As a millennial, I thought it was going to be really difficult to live without my iPhone for six days. But, as it turns out, life without a cell phone wasn’t as hard as I thought. Instead, I found myself feeling more content, focused, and less internet-dependent.
I was initially disheartened when my iPhone 6S took its last breath, and I was told that I was going to have to wait three to five business days for a new phone. Granted, a brand new iPhone 6S was shipped to an Apple store near my job and I was given a temporary replacement phone free of charge, but this still meant that I had to be phoneless for a few days. In other words, no Snapchat, no Instagram, no texting, no phone calls, no Google Maps, or constant access to the internet.
Nevertheless, I survived, and here’s what I learned:
1. We’re Magnetically Attached to Our Phones
During this time, I couldn’t help but notice how many people kept their eyes glued to their screens while in public—especially on the subway. Instead of starring at my own phone, I was forced to look at them, so I discovered the simplistic joy in people-watching. This also confirmed my theory that we have become a gadget-dependent society.
2. Technology Makes Us Dumber
Because I couldn’t rely on Google Maps to give me step-by-step directions during my commutes, I had to look up traveling directions on a computer in advance, and then find my way to a destination. I was initially very apprehensive about this, due to my horrible sense of direction, but—surprisingly—this worked. In fact, it actually helped me improve my sense of direction, since I was forced to pay more attention to streets and landmarks, rather than listening for Google Maps to tell me when to turn right and left.
3. We Can All Live Without Phones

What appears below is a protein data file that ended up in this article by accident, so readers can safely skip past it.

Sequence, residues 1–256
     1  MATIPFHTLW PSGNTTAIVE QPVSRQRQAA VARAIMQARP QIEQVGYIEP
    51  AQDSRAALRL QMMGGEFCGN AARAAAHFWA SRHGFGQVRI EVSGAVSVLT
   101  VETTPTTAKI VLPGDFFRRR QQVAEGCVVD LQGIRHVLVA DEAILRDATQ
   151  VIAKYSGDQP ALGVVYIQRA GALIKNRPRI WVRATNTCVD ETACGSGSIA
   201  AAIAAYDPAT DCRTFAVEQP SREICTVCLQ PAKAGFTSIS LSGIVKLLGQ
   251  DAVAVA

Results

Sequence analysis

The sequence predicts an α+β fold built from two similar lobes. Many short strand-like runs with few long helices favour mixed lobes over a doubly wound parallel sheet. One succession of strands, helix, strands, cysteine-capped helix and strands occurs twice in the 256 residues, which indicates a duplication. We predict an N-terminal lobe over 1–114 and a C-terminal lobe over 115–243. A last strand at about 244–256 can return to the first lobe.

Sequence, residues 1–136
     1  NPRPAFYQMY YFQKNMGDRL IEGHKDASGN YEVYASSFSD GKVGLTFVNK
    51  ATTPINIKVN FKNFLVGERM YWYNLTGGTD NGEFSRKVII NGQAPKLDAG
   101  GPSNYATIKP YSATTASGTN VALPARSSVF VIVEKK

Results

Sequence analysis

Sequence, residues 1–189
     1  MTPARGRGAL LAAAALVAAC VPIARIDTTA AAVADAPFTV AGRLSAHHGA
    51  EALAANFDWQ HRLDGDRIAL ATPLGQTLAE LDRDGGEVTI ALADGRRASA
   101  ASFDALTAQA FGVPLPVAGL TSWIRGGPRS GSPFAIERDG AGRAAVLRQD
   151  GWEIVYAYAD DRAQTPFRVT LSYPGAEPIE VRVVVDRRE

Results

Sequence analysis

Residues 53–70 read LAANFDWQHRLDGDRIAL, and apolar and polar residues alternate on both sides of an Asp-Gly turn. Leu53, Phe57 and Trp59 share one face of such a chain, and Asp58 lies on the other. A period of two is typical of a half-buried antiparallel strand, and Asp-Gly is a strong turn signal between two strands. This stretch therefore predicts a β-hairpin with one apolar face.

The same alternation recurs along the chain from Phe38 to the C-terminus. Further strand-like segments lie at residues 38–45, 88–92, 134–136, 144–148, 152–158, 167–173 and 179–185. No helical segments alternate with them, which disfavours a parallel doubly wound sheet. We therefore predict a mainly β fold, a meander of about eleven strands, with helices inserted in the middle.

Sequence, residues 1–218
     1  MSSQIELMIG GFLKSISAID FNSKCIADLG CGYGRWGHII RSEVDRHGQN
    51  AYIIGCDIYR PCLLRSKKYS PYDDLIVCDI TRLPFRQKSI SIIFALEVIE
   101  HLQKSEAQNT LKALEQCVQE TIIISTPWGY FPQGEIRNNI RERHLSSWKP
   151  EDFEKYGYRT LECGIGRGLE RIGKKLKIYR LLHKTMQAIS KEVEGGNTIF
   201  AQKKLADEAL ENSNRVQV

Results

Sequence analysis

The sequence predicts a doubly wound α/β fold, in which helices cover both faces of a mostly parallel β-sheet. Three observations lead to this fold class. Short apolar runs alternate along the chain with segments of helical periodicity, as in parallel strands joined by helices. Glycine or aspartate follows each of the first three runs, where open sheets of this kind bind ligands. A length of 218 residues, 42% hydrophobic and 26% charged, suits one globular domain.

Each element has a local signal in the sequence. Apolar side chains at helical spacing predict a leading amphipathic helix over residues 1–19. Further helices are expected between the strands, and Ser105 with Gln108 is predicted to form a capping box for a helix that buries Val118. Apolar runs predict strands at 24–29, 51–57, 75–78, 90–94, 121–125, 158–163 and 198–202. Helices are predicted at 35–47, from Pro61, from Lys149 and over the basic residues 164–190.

Those six days also helped me realized that I could truly be happy living without a cell phone. During this time period, I wasn’t pressured into checking social media multiple times throughout the day. Instead, I lived in the moment and focused on getting things done. When I attended after work events instead of Snapchatting, I was eager to engage in real chatting—like, with real people. I also felt more content with my life, since I couldn’t subconsciously compare myself to the hundreds of people I follow on Instagram and Snapchat.
4. The Downside
Although this was a very positive experience, I must admit that I wouldn’t go days without a phone by choice. As a woman, I felt less safe, since I didn’t have the ability to dial 911 at any given moment. Plus, there’s no way I would have been able to cope if something extraordinary happened and I couldn’t document it on social media. For example, had I met the Obamas, or Beyoncé, or witnessed a “Worldstar” moment, I would have been distraught!
Selena Hill is the Associate Digital Editor at Black Enterprise and the founder of Let Your Voice Be Heard! Radio. You can hear her and her team talk Millennial politics and social issues every Sunday at 11 a.m. ET.